Friday

November 20

Still from Boatman by Gianfranco Rosi

Filmmaker Talk

Gianfranco Rosi

An extensive conversation with director and IDFA's Guest of Honor Gianfranco Rosi. Orwa Nyrabia, artistic director of IDFA, talks to Rosi about his latest film Notturno and his earlier films, as well as the films that helped shape him, using excerpts from his own and his Top 10 favorite films. Rosi is one of the few filmmakers who has found the way to balance accessibility and commercial success with a highly demanding artistic language, and as such is a key figure in the “Golden Age of Documentary” that we are living in. Although he made only six films, his approach resulted in masterpieces that provide a unique view of society. The filmmaker talk will be moderated by Orwa Nyrabia.

Gianfranco Rosi

Gianfranco Rosi graduated from New York University Film School. He has produced, directed and photographed: Boatman (shot in India in 1993); Afterwords, which premiered at Venice Film Festival in 2001. He also worked as director of photography and cameraman for several documentaries. Below Sea Level, which he also directed and photographed and produced, premiered in Venice 2008 and won several awards such as the Orizzonti Documentary Award, the Grand Prix and Prix Des Jeunes at Cinema Du Reel Paris and Best Italian Documentary 08/09 at Bellaria Film Festival and was nominated for the European Film Academy Awards 2009. He is a guest lecturer at New York University Film School, and the CCC in Mexico City and teaches documentary at SUPSI in Switzerland and at the Accademia del l’immagine in L’Aquila. His documentary Fuocoammare (2016) received the Golden Bear and was nominated for an Oscar.

Small Session:

Directing in Limited Space with: Marc Isaacs and Thomas Imbach

Cinematic limitations are often first perceived as an obstacle by a filmmaker early on in the filmmaking process; but what happens when you convert these limitations into cinematic power and creativity? Filmmaker Thomas Imbach's Nemesis is the second movie he has filmed from his window. Over seven years, he documented the replacement of Zurich's old railway station by a police station and prison on 35mm film. In protest against sensationalism in the documentary industry, Marc Isaacs made The Filmmaker’s House in his own home. Blending fact and fiction, he explores the theme of hospitality and indirectly asks questions about authorship. This is certainly not the first film in which Isaacs’ works with limited spaces. This talk will be about the diverse cinematic tools and language that arise from these (self-imposed) limitations.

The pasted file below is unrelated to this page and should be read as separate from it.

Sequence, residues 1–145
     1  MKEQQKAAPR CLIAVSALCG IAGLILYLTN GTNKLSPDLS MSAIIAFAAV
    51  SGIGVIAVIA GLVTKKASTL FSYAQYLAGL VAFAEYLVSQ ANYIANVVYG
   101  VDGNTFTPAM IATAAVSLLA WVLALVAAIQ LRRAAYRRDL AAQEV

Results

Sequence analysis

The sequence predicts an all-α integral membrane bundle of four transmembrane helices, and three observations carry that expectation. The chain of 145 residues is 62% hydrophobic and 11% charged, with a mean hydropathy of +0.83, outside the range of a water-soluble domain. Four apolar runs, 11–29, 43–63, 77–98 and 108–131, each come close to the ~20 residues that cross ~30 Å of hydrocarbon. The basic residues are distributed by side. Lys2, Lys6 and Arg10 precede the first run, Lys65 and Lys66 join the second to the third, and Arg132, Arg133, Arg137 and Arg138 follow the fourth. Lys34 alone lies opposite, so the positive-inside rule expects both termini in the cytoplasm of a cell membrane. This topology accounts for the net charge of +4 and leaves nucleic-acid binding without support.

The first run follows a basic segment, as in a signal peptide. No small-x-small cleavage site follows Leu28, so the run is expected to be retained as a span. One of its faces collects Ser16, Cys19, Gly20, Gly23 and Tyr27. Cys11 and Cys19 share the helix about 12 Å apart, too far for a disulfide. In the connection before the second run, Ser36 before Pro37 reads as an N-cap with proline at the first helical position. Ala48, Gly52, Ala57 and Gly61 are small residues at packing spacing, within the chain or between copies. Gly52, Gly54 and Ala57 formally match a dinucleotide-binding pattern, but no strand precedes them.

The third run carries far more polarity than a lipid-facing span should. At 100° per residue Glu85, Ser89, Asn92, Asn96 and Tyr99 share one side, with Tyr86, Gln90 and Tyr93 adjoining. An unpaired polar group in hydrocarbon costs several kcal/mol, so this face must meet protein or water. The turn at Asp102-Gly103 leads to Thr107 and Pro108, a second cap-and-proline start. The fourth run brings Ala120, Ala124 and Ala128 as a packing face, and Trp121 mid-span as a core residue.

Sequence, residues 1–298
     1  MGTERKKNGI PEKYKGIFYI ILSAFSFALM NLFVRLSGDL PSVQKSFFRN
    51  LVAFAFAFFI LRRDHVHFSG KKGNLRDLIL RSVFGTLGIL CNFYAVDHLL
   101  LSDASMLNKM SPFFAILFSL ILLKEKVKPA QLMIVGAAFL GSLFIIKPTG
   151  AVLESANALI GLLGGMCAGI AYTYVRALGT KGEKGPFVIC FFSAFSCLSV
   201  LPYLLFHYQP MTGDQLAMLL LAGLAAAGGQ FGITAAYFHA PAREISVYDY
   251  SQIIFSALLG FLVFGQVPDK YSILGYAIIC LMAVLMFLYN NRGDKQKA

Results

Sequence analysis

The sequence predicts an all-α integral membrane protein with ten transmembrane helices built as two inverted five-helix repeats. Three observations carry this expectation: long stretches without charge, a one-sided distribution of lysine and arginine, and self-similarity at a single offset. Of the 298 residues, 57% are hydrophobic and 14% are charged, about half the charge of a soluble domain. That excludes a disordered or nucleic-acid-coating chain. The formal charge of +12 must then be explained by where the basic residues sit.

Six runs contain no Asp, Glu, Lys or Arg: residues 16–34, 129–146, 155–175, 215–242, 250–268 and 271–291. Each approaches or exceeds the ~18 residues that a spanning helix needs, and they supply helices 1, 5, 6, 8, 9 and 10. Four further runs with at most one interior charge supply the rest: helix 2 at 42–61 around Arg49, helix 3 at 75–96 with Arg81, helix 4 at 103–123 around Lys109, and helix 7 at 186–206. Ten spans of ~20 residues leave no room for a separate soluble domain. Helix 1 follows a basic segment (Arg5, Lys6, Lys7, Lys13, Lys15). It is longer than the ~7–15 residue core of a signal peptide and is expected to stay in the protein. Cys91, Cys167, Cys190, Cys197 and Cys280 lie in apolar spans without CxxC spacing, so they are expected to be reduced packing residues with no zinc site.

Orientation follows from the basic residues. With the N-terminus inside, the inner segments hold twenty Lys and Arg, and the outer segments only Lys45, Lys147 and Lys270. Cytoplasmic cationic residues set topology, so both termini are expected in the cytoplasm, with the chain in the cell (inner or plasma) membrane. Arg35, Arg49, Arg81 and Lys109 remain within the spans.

The small session will be moderated by Cecilia Lidin.

Marc Isaacs

Marc Isaacs is viewed as one of the top filmmaker’s in Britain to have dedicated so much time to the observation of British lives over an extended period. His work has been written about in numerous books on the documentary form such as Paul Ward’s , The margins of Reality and This Much Is True by James Quinn. Marc has won BAFTA’S, Grieson Awards and numerous prizes at international film festivals. His filmography includes the multiple award winning Lift (2001): Calais the last Border (2003); All White In Barking (2008); Men of the City (2010) and The Road; A Story of Life and Death (2013). Isaacs’ films look into how people dwell in contemporary, late-capitalist, postcolonial Europe through the notion of a spaced based cinema, whose real and metaphoric values, it simultaneously represents, foregrounds and contests. His work pushes the creative possibilities of the documentary form. Isaacs has had retrospectives in France, Israel and the UK and in 2018 Second Run DVD released a complete box set of his work. Isaacs is an Associate Professor in Ethnographic and Documentary Film at UCL.

Thomas Imbach

As one of Switzerland’s most innovative and internationally renowned filmmakers, Thomas Imbach moves with virtuoso mastery between documentary and fiction. He has acquired a reputation for courageous experimentation both formally and as a storyteller. His early successes include Well Done (1994) and Ghetto (1997). The feature films Happiness Is A Warm Gun (2001), Lenz (2006) and I Was A Swiss Banker (2007) as well as the autofiction Day Is Done (2011) premiered at the Berlinale. His english-language period drama Mary Queen Of Scots (2013) was selected for Toronto. His latest feature film My Brother My Love (2018) premiered at Locarno in Competition.

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